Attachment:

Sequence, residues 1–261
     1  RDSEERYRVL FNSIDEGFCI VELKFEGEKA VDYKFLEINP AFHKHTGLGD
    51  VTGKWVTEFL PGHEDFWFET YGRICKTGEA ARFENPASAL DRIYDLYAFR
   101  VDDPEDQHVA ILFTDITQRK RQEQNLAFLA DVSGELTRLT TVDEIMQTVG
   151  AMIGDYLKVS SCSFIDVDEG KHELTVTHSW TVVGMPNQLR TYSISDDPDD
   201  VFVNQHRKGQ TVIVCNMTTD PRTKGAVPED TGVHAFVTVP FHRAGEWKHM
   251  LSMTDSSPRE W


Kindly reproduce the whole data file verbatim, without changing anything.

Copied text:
Sequence, residues 1–261
     1  RDSEERYRVL FNSIDEGFCI VELKFEGEKA VDYKFLEINP AFHKHTGLGD
    51  VTGKWVTEFL PGHEDFWFET YGRICKTGEA ARFENPASAL DRIYDLYAFR
   101  VDDPEDQHVA ILFTDITQRK RQEQNLAFLA DVSGELTRLT TVDEIMQTVG
   151  AMIGDYLKVS SCSFIDVDEG KHELTVTHSW TVVGMPNQLR TYSISDDPDD
   201  VFVNQHRKGQ TVIVCNMTTD PRTKGAVPED TGVHAFVTVP FHRAGEWKHM
   251  LSMTDSSPRE W